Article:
I have recently read online articles that allude to recent commemorative coin programs being approved by Congress becoming the new earmark: a method to funnel federal dollars to interests located in specific districts in an era where the traditional methods of simply writing allocations into appropriation bills is not allowed. I contend that this statement of equivalence is inaccurate. Adding a measure to a legislative bill to give money directly from the federal budget to a group or area is very different than instructing the Mint to design, produce, and sell one or more coins to the public, and I will focus on three distinct points to demonstrate this difference.
The Mint’s expenses to design, produce and market the commemorative coins are drawn from their Public Enterprise Fund (PEF), which is funded primarily from seigniorage, the difference in value between the production costs of the standard coins minted for circulation and the face value. These expenses are later recouped through the sale of coins to the public. Earmarks, on the other hand, are funded directly from the federal budget, either from reducing the monies given to a different program, by new taxes, or by borrowing.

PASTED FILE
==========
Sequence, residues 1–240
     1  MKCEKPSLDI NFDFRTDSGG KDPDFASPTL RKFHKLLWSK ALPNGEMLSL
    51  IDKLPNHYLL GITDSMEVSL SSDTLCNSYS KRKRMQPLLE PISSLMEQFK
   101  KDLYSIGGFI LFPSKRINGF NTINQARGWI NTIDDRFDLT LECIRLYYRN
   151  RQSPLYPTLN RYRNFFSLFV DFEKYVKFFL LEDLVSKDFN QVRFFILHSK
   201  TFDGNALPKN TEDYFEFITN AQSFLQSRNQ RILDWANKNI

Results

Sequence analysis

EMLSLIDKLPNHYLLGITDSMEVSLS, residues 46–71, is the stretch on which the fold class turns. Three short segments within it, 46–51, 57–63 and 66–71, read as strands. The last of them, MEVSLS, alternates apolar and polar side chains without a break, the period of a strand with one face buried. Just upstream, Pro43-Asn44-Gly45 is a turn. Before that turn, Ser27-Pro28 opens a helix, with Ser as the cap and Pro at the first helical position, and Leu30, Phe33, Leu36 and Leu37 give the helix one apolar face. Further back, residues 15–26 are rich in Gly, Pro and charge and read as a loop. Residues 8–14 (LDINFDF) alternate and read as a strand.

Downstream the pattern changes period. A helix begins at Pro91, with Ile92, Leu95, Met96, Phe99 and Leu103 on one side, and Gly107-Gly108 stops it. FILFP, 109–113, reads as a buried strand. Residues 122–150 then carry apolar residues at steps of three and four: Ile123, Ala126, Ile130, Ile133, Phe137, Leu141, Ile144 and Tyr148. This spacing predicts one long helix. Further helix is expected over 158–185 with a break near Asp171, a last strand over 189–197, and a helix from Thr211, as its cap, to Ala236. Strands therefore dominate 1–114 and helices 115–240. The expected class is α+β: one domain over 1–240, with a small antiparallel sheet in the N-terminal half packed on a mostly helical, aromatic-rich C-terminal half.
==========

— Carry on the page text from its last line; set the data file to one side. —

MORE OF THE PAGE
The money that potentially goes to the organization being commemorated comes from a surcharge that is added to the sale price of the coins in the enacting legislation, but only if the sales of the coins surpass the operating costs of the Mint to produce the coins. If the sales of a specific program’s coins do not meet that requirement, no surcharges are paid to the organization. In addition, the organization needs to demonstrate that they have been able to independently raise an equal amount of donations from public sources as they are intended to receive from the coin program. Generally speaking, there was no such requirement on earmarks
The decision of how much money is received by the organization is decided by the total sales of the commemorative coins by the public, an individual decision made by the population, whereas the value of earmarked funds are set by the representatives and senators, a much smaller group of people. Thus, a commemorative coin program is a better measure of the support for an organization than is the existence of a group of paragraphs in legislation that can be measured in the hundreds of pages.
In conclusion, between the ability for an organization to be considered, the source of its funding, and the ultimate decision of whether it is beneficial, the analogy of commemorative coin program as an earmark is provably false.